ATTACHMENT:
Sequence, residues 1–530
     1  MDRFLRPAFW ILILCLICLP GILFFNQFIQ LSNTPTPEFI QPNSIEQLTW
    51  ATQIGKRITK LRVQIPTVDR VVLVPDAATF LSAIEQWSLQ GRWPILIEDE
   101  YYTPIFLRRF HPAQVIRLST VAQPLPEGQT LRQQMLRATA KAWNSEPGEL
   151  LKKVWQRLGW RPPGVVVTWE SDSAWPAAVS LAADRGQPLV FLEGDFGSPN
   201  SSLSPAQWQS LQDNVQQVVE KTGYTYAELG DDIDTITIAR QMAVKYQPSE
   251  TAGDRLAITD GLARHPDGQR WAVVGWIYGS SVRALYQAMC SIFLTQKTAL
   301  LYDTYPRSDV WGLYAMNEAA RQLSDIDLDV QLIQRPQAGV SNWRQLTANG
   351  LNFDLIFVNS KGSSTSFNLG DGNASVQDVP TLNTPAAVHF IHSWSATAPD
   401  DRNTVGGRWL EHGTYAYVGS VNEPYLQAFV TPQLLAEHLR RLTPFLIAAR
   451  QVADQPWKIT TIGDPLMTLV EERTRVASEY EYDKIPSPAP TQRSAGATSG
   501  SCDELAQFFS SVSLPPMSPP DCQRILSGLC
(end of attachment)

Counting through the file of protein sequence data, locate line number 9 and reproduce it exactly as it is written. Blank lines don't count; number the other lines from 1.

   351  LNFDLIFVNS KGSSTSFNLG DGNASVQDVP TLNTPAAVHF IHSWSATAPD